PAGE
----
For children and adults with ulcerative colitis (UC), a type of inflammatory bowel disease, mesalamine is a commonly prescribed medication that may not only ease symptoms like pain and inflammation, but also prevent flare-ups once symptoms are under control.
Despite its effectiveness, nearly 70 percent of teens and young adults who have UC and start the treatment quit taking the medication within a year, according to research published in the British Journal of General Practice.
The study, which involved more than 600 people with ulcerative colitis between ages 10 and 24, also found that a quarter discontinued their treatment after just one month.
“Young people with ulcerative colitis are not very adherent to the medicine, and that may lead to worse outcomes,” says Richard Pollok, PhD, an author of the study and a professor of gastroenterology and gastrointestinal infection with St. George’s University Hospitals in London. “Young patients may get better and think they don’t need to continue, or they may be unaware of the need to continue if [the consequences are] not explained carefully at diagnosis.”
Symptoms Can Return if Meds Aren’t Taken as Prescribed
Dr. Pollok and his collaborators stress that failure to keep up with treatment (known as nonadherence) can raise the risk fivefold of symptoms reappearing early after the disease has gone into remission (known as relapse) compared with those whose adherence is over 80 percent.
Nonadherence may lead to a reduced quality of life, as well as severe disease and a higher risk of colon cancer. These outcomes, in turn, may result in higher healthcare costs to treat complications, such as through surgery.
“If left untreated, young people could suffer with symptoms such as diarrhea, abdominal pain, or even blood in their stool for years,” said Sonia Saxena, MD, another author of the study and the director of the Imperial Child Health Unit in the School of Public Health at Imperial College London, in a press release. “Alternatively, there may be active inflammation in the gut that does not result in symptoms or visible signs but still causes damage.”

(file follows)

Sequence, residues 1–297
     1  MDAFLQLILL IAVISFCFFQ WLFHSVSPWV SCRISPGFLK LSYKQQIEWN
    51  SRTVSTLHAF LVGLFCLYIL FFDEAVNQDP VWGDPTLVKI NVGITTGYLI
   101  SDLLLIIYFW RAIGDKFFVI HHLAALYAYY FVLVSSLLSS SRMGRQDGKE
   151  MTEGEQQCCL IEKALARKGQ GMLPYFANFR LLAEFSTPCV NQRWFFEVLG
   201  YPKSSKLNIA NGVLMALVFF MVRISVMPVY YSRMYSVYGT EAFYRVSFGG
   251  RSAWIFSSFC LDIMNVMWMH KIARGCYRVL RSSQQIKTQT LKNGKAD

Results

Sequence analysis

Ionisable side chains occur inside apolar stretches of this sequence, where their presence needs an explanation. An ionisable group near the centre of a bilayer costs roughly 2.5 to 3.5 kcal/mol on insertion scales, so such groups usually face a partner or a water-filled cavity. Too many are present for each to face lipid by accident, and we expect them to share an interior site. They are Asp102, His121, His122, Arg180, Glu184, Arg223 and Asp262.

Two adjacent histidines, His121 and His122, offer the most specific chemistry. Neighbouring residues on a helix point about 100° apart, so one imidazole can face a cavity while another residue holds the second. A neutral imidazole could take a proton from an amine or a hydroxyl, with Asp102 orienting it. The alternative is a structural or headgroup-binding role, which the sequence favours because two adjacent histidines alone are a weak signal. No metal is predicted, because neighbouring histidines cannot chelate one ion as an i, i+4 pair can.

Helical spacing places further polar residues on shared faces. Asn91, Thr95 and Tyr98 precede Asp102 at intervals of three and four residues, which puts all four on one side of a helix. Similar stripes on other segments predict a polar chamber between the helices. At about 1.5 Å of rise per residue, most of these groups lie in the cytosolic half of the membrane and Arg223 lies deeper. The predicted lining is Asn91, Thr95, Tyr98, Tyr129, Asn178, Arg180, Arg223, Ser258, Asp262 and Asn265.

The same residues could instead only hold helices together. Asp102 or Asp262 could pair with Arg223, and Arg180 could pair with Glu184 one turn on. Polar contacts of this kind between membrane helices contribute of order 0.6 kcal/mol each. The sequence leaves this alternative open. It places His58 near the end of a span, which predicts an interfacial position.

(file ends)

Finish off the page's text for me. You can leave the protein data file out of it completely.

For the analysis, the scientists reviewed data taken from a large research database that included 607 young people diagnosed with UC between 1998 and 2016. All the patients had started mesalamine (also known as 5-aminosalicylic acid or 5-ASA) maintenance treatment within six months of their diagnosis date and were followed for up to one year.
Challenges of Keeping Up With Treatment
The research team discovered that the discontinuation rate was higher among those between ages 18 and 24 (74 percent) compared with 56 percent of those ages 15 to 17 and 61 percent of those ages 10 to 14.
Young people in the older age group may be more likely to stop their treatment as they become more independent, losing the financial support and guidance of their caregivers (such as parents), the study suggests.
For Jason Harper, MD, a clinical assistant professor with the University of Washington and the director of the Harborview Medical Center inflammatory bowel disease program in Seattle, pill burden can also be an obstacle.
“One of the challenges of adhering to therapy — especially for younger folks — is that some 5-ASA drugs may require taking over eight pills a day,” says Dr. Harper, who was not involved in the study. “Also, some of the pills themselves can be very large.”
In his view, the study spotlights how attention and guidance from the healthcare provider can be lacking when it comes to drug adherence.